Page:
• Multi-monitor support for Windows: Dreamweaver has furthered its integration with Microsoft’s Windows platform, adding support for multiple monitors. This is available on both Windows 10 and Windows 11.
  • Git support: Collaborating through the open-source community is now easier thanks to Git support in Dreamweaver.

Dreamweaver Review Conclusions

Dreamweaver remains the best option if you want a dedicated code editor for website building. There isn’t a direct competitor to the Adobe website builder, so DW remains a unique tool in the enterprise space. There are other easier options, but if you need full control and customizability in an HTML editor, Dreamweaver is the best option.

Still, it is not without its problems. It is expensive and has a massive learning curve, even for experienced enterprise-level developers. If you do not know to code or are just starting, Dreamweaver is too sophisticated and complex. For visual editing, the tools offered by alternatives like Wix and Weebly suit customers better.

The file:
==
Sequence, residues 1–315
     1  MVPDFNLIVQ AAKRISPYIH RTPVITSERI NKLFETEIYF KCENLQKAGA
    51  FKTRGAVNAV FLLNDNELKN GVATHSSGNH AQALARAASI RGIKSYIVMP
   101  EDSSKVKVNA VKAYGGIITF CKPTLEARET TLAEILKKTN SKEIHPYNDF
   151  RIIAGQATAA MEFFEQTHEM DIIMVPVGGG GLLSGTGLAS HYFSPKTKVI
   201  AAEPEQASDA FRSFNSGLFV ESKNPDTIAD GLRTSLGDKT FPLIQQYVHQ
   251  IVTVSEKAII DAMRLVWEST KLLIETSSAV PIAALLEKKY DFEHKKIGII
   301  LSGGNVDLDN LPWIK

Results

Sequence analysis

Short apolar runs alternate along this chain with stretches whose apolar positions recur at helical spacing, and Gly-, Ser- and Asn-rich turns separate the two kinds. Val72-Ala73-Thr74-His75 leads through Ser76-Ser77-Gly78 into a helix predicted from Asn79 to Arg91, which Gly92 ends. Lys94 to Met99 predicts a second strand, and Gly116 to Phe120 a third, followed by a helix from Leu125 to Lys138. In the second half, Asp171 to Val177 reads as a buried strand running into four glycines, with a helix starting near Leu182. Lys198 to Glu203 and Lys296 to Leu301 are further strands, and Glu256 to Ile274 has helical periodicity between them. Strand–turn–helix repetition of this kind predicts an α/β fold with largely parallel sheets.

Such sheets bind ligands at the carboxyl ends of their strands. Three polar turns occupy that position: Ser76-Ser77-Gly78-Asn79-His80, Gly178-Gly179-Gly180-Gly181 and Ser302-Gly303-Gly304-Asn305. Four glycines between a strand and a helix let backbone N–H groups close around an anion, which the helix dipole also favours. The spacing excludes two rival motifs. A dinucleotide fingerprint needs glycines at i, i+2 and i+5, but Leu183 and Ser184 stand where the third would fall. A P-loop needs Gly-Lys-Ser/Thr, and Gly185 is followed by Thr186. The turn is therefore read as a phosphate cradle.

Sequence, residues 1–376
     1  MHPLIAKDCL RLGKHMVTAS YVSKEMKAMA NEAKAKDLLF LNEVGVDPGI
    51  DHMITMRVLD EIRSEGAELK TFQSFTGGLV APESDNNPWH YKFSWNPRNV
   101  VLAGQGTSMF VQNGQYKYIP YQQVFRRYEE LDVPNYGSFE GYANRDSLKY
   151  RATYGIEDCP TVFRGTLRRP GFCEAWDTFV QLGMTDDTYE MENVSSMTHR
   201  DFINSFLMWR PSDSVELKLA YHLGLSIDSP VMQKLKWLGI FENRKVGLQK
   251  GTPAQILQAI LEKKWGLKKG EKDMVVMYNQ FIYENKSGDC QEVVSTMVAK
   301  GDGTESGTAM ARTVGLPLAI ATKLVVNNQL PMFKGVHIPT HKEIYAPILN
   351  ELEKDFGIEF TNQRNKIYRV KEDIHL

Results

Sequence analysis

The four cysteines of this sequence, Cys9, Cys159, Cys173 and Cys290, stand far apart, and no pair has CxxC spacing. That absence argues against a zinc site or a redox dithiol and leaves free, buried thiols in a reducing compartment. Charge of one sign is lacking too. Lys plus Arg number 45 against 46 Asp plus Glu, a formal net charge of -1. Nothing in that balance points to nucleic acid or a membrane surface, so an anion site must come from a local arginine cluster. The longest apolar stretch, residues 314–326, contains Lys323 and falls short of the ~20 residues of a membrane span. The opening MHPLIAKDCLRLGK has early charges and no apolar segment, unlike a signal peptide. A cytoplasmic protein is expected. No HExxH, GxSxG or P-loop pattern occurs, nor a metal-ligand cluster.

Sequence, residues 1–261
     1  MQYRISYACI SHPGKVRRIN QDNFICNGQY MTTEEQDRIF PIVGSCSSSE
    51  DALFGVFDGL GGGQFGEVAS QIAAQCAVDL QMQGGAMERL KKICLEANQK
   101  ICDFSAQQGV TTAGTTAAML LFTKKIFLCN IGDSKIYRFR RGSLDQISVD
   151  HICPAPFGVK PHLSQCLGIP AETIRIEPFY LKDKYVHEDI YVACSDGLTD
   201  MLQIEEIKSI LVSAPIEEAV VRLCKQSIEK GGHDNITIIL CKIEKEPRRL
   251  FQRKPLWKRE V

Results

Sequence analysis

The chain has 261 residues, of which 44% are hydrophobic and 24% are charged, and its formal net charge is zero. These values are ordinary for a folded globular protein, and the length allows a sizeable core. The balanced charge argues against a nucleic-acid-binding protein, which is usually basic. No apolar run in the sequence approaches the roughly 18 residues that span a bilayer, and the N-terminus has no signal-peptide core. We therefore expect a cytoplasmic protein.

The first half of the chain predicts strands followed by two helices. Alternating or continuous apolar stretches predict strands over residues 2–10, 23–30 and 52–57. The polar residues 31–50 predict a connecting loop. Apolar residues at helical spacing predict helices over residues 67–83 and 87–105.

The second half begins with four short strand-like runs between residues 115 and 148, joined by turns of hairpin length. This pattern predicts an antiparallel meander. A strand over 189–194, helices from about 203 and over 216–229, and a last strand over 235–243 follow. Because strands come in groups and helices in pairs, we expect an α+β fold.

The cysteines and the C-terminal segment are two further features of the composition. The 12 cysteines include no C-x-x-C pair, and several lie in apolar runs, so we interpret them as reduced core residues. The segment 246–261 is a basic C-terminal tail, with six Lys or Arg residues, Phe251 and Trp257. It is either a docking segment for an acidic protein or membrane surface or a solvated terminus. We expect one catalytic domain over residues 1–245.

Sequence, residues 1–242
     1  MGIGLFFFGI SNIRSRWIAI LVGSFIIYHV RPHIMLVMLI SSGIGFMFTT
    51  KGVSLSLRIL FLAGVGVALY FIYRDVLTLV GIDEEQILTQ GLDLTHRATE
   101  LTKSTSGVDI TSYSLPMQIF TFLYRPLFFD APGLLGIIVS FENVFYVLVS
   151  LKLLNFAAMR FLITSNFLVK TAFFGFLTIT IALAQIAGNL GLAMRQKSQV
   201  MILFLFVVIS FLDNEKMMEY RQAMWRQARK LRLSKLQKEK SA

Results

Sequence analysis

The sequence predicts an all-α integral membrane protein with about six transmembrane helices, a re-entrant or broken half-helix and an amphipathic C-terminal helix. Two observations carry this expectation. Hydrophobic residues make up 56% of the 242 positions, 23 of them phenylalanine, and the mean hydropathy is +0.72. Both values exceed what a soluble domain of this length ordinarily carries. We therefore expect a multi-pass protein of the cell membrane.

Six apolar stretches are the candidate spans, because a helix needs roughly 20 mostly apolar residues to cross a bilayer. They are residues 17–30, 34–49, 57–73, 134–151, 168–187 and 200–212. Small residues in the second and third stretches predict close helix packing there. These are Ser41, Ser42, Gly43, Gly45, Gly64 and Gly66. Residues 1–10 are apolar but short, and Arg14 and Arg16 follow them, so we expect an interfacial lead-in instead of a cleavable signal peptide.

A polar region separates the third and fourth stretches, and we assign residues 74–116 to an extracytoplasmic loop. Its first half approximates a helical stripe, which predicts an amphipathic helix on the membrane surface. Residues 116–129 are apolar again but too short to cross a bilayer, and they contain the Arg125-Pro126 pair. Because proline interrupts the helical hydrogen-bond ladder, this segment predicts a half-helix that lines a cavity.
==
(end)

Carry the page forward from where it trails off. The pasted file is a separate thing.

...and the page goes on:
Is Dreamweaver Still Used?

Yes, that is the simple answer. However, if we dig a little deeper, it becomes clear Dreamweaver is nowhere near as popular as it once was. User numbers have been steadily declining for around a decade. However, times have changed, and alternatives are available that cost less.

Visual website builders are more affordable and allow users with no coding skills to create dynamic websites. However, development platforms like Visual Studio provide a better user experience for code knowledge. It is also worth noting web browsers now have features that allow users to see website code changes in real-time.

None of these alternatives combine all elements as Dreamweaver does. Users seem increasingly willing to branch out beyond Adobe’s tool. That does not mean we do not recommend DW. On the contrary, it remains a fantastic and complex platform. Just be careful to assess what your needs are before committing accurately.